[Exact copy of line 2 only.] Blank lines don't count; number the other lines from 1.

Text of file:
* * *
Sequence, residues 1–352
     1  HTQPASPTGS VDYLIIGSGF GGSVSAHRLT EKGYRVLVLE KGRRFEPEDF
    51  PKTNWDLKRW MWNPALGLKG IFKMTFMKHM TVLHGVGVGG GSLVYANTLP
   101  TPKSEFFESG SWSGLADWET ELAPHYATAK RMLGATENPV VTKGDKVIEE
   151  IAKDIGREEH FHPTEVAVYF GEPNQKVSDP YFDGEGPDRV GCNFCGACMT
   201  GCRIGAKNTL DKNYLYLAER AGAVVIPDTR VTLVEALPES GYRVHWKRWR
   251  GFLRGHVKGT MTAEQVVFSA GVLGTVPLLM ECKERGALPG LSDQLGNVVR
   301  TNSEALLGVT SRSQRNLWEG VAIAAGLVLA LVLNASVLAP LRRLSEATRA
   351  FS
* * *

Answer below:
     1  HTQPASPTGS VDYLIIGSGF GGSVSAHRLT EKGYRVLVLE KGRRFEPEDF